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Number Theory (analytic and combinatorial number theory, algebraic number theory, arithmetic geometry)

As a general rule, in number theory we find a constant interplay of a plethora of techniques coming from different areas of mathematics such as algebra, geometry, analysis, combinatorics, probability, ergodic theory, etc.

As for the general rule, also the research lines of number theory at ICMAT are many. The group studies several aspects of analytic, algebraic and combinatorial number theory and arithmetic geometry. The main research lines are the following:

  • the applications of harmonic analysis in the Euclidean and hyperbolic setting to analytic number theory.
  • additive combinatorics: it is a relatively recent term coined to comprehend the advancements of combinatorial number theory in problems related to the addition of integers and, more generally, of subsets of abelian groups.
  • classical conjectures in number theory like the equivariant Birch-Swinerton Dyer conjecture and its generalizations, like the equivariant Tamagawa number conjecture.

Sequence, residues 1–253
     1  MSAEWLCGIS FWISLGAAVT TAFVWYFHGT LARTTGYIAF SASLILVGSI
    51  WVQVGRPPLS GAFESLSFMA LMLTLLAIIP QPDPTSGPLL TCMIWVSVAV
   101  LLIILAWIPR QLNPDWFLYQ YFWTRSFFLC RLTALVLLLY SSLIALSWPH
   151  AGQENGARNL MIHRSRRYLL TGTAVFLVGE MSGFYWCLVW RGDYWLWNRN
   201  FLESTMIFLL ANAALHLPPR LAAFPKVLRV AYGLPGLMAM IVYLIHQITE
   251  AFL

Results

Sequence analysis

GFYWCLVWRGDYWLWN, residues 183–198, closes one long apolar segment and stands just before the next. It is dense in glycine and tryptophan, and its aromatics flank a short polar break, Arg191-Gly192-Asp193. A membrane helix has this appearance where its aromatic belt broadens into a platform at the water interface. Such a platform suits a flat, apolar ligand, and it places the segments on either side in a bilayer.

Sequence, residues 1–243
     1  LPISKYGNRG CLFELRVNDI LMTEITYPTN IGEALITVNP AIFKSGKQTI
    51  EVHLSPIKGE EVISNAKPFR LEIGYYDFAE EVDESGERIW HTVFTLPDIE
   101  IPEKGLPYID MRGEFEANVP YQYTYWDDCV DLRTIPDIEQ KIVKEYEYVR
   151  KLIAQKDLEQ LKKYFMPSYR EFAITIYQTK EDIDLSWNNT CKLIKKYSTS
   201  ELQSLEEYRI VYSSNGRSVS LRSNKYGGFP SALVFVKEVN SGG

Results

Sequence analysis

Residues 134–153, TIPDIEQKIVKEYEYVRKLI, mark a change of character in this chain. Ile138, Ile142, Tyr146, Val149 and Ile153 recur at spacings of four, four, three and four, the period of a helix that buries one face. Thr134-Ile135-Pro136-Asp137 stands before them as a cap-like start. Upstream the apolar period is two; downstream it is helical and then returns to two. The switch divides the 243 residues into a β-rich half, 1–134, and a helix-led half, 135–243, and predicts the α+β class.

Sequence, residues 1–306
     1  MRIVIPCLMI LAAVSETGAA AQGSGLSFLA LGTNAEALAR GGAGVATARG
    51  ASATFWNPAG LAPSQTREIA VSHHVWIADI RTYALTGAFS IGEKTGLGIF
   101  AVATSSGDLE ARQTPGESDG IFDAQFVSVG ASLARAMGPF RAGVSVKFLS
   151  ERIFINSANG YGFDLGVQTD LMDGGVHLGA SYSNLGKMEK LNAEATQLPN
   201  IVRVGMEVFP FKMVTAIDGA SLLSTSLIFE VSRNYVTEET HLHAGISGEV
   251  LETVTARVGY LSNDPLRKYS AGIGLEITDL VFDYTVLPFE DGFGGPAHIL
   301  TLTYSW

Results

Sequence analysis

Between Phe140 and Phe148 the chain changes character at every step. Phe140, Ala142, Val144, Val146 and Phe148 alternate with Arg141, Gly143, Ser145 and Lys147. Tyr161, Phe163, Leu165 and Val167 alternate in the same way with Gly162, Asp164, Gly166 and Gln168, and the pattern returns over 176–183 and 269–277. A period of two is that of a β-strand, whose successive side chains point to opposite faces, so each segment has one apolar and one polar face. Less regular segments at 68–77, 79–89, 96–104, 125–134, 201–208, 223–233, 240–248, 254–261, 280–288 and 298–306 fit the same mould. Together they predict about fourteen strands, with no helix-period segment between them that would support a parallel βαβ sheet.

• the arithmetic study of toric varieties, modular curves and modular varieties as well as elliptic curves and abelian varieties.
  • the development of Arakelov theory
  • the computation of rational points in curves and varieties
  • the connections among formal groups, generalized Riemann-Hurwitz-type zeta functions and number theory
  • the relation between the theory of motives, higher K-theory and arithmetic geometry

Of course all these problems and topics are related and depend on each other. For instance harmonic analysis is heavily used in studying combinatorial problems, some developments in Arakelov theory have been applied to the study of modular varieties, which are used to tackle the Birch and Swinnerton-Dyer conjecture, which gives informations about rational points on abelian varieties.

A pivotal theme in many of these areas is the study of the modular varieties, modular forms and automorphic forms. Their common appearance is a feature of great interest in modern number theory: it has connected number theorists, who are studying them with a few points of view and many different goals.

The objects involved in our research have recently been found very useful because of the increasing number of applications in other fields such as theoretical physics and cryptography. Although not yet ubiquitous, these tools are proving to play an important role also outside mathematics and this capture the attention of our research group.